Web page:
All VALORANT teams qualified for VCT Masters Copenhagen 2022

The best of the best collide once more.

Photo via Riot Games

The final stop on the road to VCT Champions 2022 is Masters Copenhagen, the second international VALORANT LAN of the year and the last chance for teams to earn pivotal VCT points toward Champions qualification.

Masters Copenhagen will feature 12 teams again, with almost the same regional split as Masters Reykjavík.

  • Three EMEA teams
  • Two North American teams
  • Two APAC teams
  • One Korean team
  • One Japanese team
  • One Brazilian team
  • One Latin American team
  • One more South American team

The 12 teams will collide starting on July 10 and compete for as many as 1,000 VCT points, guaranteeing the first-place team a ticket to VCT Champions. These 12 teams are looking to go on a massive run to close out the year before the entire landscape of competitive VALORANT changes next year with the implementation of the partnered system.

Here are all 12 teams attending Masters Copenhagen.

Guild

The first team to secure a Masters Copenhagen spot is a team making their first international VALORANT appearance, Guild. A relatively new organization in the grand scheme of esports, Guild’s VALORANT roster secured its spot in Copenhagen just one week before the organization’s second birthday.

The org first entered VALORANT with an all-Swedish roster but began 2022 with an infusion of international talent, including veteran Koldamenta. They went 4-1 in EMEA Stage Two group play, securing the coveted first seed, and a stunning 2-0 win over former Masters champions M3C locked in a Copenhagen spot for Guild.

Fnatic

Fnatic are well known on the international stage, having appeared at three different LANs over the past year or so, including a grand finals appearance at last year’s Masters Reykjavík. The team is looking to make up for an unfortunate showing at this year’s Reykjavík, where they were eliminated in the group stage while missing two of their starters.

After Reykjavík, the team added two new starters in Enzo (who subbed in during Masters) and Alfajer, and Fnatic haven’t lost a series since. They went 5-0 in EMEA Stage Two groups led by dominant play by Derke and Aljajer and capped off that run with a playoff win over FPX. Boaster will surely have some on-stage shenanigans planned for Copenhagen.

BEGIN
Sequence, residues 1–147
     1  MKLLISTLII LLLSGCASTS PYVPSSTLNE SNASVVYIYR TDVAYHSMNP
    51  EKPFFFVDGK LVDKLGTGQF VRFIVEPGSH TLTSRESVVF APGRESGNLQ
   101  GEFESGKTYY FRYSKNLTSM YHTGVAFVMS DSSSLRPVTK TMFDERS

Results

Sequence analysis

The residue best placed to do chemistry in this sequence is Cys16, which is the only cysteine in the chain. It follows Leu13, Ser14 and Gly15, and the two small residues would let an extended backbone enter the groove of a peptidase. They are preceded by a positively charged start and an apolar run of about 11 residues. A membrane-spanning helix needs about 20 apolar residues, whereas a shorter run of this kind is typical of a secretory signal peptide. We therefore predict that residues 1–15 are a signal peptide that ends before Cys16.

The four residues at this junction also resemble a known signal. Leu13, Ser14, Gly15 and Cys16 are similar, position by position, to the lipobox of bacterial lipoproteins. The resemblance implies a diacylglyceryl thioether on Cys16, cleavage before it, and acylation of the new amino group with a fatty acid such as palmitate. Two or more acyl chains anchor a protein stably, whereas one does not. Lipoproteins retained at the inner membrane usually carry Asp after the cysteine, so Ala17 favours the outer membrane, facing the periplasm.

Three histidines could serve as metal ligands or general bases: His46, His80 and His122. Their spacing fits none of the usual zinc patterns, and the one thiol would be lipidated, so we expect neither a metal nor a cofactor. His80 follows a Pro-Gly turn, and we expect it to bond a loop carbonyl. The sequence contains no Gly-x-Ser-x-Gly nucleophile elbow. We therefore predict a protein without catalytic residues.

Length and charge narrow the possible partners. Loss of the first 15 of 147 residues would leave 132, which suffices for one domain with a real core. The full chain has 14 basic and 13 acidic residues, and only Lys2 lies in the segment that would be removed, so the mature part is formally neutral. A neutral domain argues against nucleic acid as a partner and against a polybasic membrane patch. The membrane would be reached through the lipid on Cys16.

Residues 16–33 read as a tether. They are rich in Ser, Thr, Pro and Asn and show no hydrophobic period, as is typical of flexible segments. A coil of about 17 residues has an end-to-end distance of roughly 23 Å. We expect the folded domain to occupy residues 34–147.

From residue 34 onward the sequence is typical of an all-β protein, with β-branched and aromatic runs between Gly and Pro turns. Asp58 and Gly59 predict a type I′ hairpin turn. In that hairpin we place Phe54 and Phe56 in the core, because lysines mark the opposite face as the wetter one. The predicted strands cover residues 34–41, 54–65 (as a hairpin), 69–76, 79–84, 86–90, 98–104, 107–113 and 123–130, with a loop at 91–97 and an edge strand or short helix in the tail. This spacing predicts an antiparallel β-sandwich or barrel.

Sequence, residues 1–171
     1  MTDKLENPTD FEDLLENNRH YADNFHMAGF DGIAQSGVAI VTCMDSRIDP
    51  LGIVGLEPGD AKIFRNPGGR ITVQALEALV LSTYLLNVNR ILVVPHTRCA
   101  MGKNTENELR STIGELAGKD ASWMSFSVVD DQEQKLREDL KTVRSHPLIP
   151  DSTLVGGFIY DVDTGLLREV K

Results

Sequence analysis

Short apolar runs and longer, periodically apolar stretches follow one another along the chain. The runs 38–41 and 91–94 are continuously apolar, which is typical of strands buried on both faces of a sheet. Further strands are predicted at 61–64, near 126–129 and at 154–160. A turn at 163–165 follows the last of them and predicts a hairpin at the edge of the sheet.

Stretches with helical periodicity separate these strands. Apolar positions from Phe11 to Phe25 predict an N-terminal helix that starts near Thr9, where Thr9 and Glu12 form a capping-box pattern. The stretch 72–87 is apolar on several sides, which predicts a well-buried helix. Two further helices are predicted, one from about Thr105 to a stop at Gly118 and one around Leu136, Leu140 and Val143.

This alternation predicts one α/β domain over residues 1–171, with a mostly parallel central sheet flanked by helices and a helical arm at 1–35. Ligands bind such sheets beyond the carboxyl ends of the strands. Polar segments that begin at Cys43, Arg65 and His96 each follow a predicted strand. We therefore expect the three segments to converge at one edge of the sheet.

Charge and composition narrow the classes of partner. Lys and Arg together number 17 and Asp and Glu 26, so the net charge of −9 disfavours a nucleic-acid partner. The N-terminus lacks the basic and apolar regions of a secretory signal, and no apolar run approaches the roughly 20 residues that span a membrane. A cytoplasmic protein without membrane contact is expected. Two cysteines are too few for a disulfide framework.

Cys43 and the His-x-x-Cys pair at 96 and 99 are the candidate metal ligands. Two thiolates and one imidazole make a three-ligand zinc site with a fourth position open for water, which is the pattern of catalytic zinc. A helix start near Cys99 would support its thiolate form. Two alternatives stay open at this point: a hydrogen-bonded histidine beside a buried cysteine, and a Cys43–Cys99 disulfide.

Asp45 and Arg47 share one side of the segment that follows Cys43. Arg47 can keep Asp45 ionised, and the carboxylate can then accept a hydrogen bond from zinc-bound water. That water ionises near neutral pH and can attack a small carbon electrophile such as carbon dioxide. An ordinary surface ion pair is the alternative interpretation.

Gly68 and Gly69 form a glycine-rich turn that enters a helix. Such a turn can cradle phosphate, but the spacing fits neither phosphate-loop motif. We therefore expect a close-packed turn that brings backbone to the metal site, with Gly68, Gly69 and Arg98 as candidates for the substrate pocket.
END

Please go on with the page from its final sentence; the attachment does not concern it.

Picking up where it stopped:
FunPlus Phoenix

The third and final EMEA team to reach Masters Copenhagen is FPX, who now have a chance at redemption after being forced to miss Masters Reykjavík. FPX won EMEA Stage One in dominant fashion, but travel restrictions in Ukraine and Russia, where most of the FPX players hail from, made it so the team could not attend Reykjavík.

FPX brought the whole roster back for Stage Two, and after an opening week loss to Fnatic, the team bounced back with three straight wins to effectively lock in their spot in the playoffs. Suygetsu was the team’s statistical leader during the group stage and he earned Player of the Match honors in their Masters qualifying win against Masters Berlin champions M3C.

OpTic

The reigning champions of Masters Reykjavík are back, and are showing no signs of slowing down. Since the Envy roster switched their branding to OpTic, they’ve been red hot, losing only six total series during both 2022 VCT stages.

In Stage Two, OpTic reasserted their dominance rapidly, jumping out to a 3-0 group stage record with wins over Sentinels, C9, and FaZe. They stumbled in a group stage match versus Evil Geniuses, but got their revenge in playoffs, then rallied to win a gutsy Masters qualifying match against XSET, even with both FNS and crashies suffering from COVID.

XSET

The “fourth place curse” is no more. XSET have been labeled the gatekeeper of NA VALORANT for well over a year: good enough to not get upset by the teams beneath them, but not good enough to break into the top group of teams that go to international events. After their most complete Stage yet, they’ve finally booked their first international ticket.